The findings, in a survey conducted by Ipsos on behalf of DCMS, means the Games - delivered in record time - drew an estimated overall UK audience on TV, online and in person of more than 20 million. Birmingham 2022 also drew an estimated global TV audience of hundreds of millions as the city shone on the world stage.
The survey also reveals that two in three people from Birmingham and the surrounding area engaged with the Games, with a quarter of those polled saying they turned out to watch the Queen’s Baton Relay as it travelled through the city.
The statistics are published today in a new report Birmingham 2022 Commonwealth Games: The Highlights which shows the positive benefits the event has had on sport and cultural participation, job creation and the regional economy.
Nigel Huddleston, Minister for the Commonwealth Games, said:
These results really underline that Birmingham 2022 was more than just the 11 days of fantastic sport. The West Midlands and the UK really got behind Birmingham 2022 and recaptured that 2012 spirit, giving the whole country the opportunity to come together and celebrate our amazing athletes.
The legacy of the Games has only begun, and I can’t wait to see the region continue to reap the economic, cultural and social benefits from delivering a showstopper summer.
Ian Reid, CEO of Birmingham 2022, said:
These results are testament to a lot of hard work by an incredibly dedicated team. Birmingham and the West Midlands did itself proud and there was a real feeling of renewed opportunity right across the city and region. Venues were packed, spectators had a fantastic experience, and local businesses felt the real-time economic benefits as tills were ringing thanks to increased visitor numbers. The legacy of these Games is just getting started and these results demonstrate the positive impact and benefits that major events deliver.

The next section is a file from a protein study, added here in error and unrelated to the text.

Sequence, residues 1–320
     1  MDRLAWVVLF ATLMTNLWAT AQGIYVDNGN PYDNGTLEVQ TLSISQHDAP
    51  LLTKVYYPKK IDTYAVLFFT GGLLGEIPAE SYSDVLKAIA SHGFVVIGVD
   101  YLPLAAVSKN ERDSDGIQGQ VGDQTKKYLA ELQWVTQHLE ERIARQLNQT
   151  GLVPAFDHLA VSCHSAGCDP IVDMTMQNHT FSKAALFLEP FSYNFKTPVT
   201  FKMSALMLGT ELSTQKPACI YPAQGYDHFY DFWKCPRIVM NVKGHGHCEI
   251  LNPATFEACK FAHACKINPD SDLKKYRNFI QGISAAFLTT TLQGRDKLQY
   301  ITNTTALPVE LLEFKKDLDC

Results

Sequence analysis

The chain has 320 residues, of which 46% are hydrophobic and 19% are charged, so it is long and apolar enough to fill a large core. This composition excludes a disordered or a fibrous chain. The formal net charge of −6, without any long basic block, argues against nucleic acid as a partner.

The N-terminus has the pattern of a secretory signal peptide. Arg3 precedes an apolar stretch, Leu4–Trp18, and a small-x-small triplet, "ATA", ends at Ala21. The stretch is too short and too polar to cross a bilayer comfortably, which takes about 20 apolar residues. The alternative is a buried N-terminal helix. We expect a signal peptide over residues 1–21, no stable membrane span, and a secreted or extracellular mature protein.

A record 1.5 million spectators bought tickets for the event, making it the most popular Commonwealth Games ever to be hosted in the UK. More than 5 million people came to Birmingham city centre during the two-week period of the Games - a 200% increase on the same period in 2021. Millions more followed on TV and online. The opening ceremony attracted 5.2 million viewers and a total of 28.6 million tuned into the Games on the BBC. The event was also streamed 57.1 million times on the BBC - a record for a Commonwealth Games.
Dame Louise Martin DBE, President of the Commonwealth Games Federation, said:
Birmingham 2022 was a spectacular Games that has set a new benchmark for Commonwealth sport. It was the first to award more medals to women than men, had the largest ever integrated para programme and was the most sustainable Commonwealth Games ever hosted.
Along with special sporting moments, Birmingham 2022 will also be remembered for the way the people of Birmingham embraced the Games, creating a welcoming, electric atmosphere that inspired our Commonwealth athletes to reach new heights.
Importantly, the Games will also leave a lasting legacy, having accelerated regeneration, created jobs and skills opportunities and been a catalyst for investment to help those who need the most support to get physically active.
The significant core public investment in the Games of £778 million has accelerated investment and regeneration in Birmingham, the West Midlands and beyond. Alexander Stadium was transformed for the Games and communities, and Sandwell Aquatics Centre is providing elite and community swimmers and divers with a brand new, world-class facility.